How to Prepare for SAT? Practical tips to ace the SAT

Updated: Jan 15

Millions of students prepare for the SAT every year to secure admission in their dream colleges. But acing the SAT exam is no easy game. For the uninitiated, SAT is an entrance test for students to secure admission in colleges. The test serves as a benchmark for the students’ academic abilities and is among the most pivotal points in a student’s academic life. Let’s understand a few SAT basics before we get to the main subject of this article - how to prepare for the SAT?



What does the SAT stand for?

When the SAT was first introduced in 1926, it was called Scholastic Aptitude Test. Later, it was changed to the Scholastic Assessment Test. But the SAT is now an empty acronym with no particular full form to it. The SAT is conducted by the College Board which is a non-profit organization.


How long does the SAT take?

The SAT consists of three sections namely Evidence-based Reading and Writing and Math. The reading and writing section must be completed in 100 minutes with 65 minutes allotted for reading and 35 minutes allotted for writing. The mathematics section must be finished within 80 minutes. There are two subsections within the math section. One subsection permits the use of calculators whereas the other needs to be solved without a calculator.


What subjects are on the SAT?

The reading section entails MCQs based on passages. The topics range from literature and historical documents to social and natural sciences. The writing section deals with passages based on career, humanities, science and social studies.


Topics in the math section include the heart of algebra, problem solving and data analysis and passport to advanced math.


What is a good SAT score?

You can score anywhere between 200 and 800 for each of the compulsory sections (reading and writing and math). The highest total score for both sections is 1600. The lowest score is 400. Students should aim for a SAT score of 1400 and above to get into top competitive colleges.


How many times can you take the SAT?

There are no restrictions on the number of attempts. You can keep trying till you get the perfect score.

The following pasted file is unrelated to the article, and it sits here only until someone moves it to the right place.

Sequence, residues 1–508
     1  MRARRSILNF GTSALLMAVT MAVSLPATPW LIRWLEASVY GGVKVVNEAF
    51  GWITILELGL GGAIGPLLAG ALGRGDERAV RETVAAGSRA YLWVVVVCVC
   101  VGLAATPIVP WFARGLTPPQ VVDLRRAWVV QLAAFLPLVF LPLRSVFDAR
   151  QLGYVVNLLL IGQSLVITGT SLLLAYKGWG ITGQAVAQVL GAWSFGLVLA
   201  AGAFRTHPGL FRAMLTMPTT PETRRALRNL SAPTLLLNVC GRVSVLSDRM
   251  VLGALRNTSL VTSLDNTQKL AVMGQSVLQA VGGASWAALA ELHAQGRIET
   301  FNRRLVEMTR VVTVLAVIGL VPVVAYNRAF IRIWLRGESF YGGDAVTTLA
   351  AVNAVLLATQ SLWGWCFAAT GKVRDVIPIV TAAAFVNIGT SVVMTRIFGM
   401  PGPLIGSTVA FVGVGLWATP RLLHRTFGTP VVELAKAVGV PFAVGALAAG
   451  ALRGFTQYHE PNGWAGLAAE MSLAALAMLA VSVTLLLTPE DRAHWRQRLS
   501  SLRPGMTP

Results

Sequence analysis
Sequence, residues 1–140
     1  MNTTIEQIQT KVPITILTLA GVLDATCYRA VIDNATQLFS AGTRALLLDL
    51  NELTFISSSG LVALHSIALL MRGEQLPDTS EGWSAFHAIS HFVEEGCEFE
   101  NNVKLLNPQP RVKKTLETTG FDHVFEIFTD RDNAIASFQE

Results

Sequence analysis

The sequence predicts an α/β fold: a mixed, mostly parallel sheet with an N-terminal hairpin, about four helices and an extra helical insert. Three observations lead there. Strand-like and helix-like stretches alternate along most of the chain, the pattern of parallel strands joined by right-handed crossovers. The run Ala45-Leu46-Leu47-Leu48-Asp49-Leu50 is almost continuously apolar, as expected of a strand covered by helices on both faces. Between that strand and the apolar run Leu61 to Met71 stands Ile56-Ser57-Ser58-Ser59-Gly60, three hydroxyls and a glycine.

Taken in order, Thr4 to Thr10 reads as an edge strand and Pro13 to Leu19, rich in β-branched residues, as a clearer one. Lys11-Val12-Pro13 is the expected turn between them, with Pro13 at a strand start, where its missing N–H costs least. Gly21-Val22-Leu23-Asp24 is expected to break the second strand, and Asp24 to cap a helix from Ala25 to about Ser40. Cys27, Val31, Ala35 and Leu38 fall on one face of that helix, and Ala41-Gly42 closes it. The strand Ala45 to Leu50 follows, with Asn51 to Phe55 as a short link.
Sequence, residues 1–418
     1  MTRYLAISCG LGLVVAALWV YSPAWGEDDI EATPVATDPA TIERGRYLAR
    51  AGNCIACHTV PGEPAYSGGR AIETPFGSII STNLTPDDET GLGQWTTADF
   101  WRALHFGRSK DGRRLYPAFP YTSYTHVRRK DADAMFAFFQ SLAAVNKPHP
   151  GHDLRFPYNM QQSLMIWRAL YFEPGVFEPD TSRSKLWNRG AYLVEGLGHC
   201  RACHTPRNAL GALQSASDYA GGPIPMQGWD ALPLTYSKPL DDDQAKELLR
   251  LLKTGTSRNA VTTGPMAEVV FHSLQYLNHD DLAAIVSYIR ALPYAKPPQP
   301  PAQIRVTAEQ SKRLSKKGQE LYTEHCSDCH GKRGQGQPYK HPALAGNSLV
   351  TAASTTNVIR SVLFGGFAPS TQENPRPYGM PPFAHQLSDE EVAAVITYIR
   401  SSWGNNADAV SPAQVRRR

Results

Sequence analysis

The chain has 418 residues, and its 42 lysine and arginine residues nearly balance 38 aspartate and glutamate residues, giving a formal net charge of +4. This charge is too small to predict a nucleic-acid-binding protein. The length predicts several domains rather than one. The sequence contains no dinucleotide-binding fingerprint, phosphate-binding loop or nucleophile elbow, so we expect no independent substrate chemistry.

Now that you are acquainted with the basics of the SAT exam, it is time to get to the heart of the matter. Let’s dive straight into a few insightful tips to ace the SAT exam.



How to prepare for the SAT?


Preparing for the SAT exam need not be so hard and confusing. Listed below are a few actionable tips that will come in handy during SAT preparation.


1. Start early


It is always better to get good scores at the very first attempt and this requires advance preparation from your end. Students are recommended to pick a test date that will give them at least 3 months to prepare. 3 months is a good time to practice and master the SAT exam pattern. You can complete the registration process through the College Board website. When you start early, you have the luxury to understand the nuances and nitty gritty of the SAT exam without dealing with stress and anxiety that usually happens when you start preparing at the eleventh hour. SAT preparation will be an enjoyable learning process if you give yourself ample time.


2. Identify your skills early on


An SAT diagnostic test will help you identify your skills. This will give you a fair idea of where you stand in terms of SAT preparation. A low score does not mean you are incapable of scoring good marks during the actual exam. This diagnostic test is recommended just to get an unbiased insight into what skills you possess and what needs to be improved.


While you may feel confident about certain skills, a test will reveal whether you are actually able to score well in those areas. A student may feel confident about his/her grammar skills, but the test scores may reflect a different reality. A diagnostic test will help you understand your real strengths and weaknesses. This will also help you devise a proper study plan that will effectively address your weaknesses.


3. Work on your weaknesses


Once you start preparations in full swing, you will get a better understanding of the sections that demand extra attention. You may find some sections easy and some extremely difficult. You can